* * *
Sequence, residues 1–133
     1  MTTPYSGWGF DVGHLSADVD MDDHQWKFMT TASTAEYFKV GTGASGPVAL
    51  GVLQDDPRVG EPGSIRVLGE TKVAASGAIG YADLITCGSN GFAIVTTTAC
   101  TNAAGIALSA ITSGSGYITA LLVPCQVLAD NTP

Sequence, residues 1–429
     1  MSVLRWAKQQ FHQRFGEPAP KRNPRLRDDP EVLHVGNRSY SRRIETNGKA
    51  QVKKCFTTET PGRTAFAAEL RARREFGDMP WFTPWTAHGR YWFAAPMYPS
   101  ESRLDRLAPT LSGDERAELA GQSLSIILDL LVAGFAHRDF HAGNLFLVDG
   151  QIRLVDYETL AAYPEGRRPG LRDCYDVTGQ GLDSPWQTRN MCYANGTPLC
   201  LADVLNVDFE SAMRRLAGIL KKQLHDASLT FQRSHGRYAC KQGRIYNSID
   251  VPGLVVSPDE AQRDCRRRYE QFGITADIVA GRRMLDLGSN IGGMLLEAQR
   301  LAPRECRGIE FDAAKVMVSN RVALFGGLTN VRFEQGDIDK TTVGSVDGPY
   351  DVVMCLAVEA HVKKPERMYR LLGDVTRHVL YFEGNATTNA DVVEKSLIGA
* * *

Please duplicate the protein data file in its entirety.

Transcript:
Sequence, residues 1–133
     1  MTTPYSGWGF DVGHLSADVD MDDHQWKFMT TASTAEYFKV GTGASGPVAL
    51  GVLQDDPRVG EPGSIRVLGE TKVAASGAIG YADLITCGSN GFAIVTTTAC
   101  TNAAGIALSA ITSGSGYITA LLVPCQVLAD NTP

Sequence, residues 1–429
     1  MSVLRWAKQQ FHQRFGEPAP KRNPRLRDDP EVLHVGNRSY SRRIETNGKA
    51  QVKKCFTTET PGRTAFAAEL RARREFGDMP WFTPWTAHGR YWFAAPMYPS
   101  ESRLDRLAPT LSGDERAELA GQSLSIILDL LVAGFAHRDF HAGNLFLVDG
   151  QIRLVDYETL AAYPEGRRPG LRDCYDVTGQ GLDSPWQTRN MCYANGTPLC
   201  LADVLNVDFE SAMRRLAGIL KKQLHDASLT FQRSHGRYAC KQGRIYNSID
   251  VPGLVVSPDE AQRDCRRRYE QFGITADIVA GRRMLDLGSN IGGMLLEAQR
   301  LAPRECRGIE FDAAKVMVSN RVALFGGLTN VRFEQGDIDK TTVGSVDGPY
   351  DVVMCLAVEA HVKKPERMYR LLGDVTRHVL YFEGNATTNA DVVEKSLIGA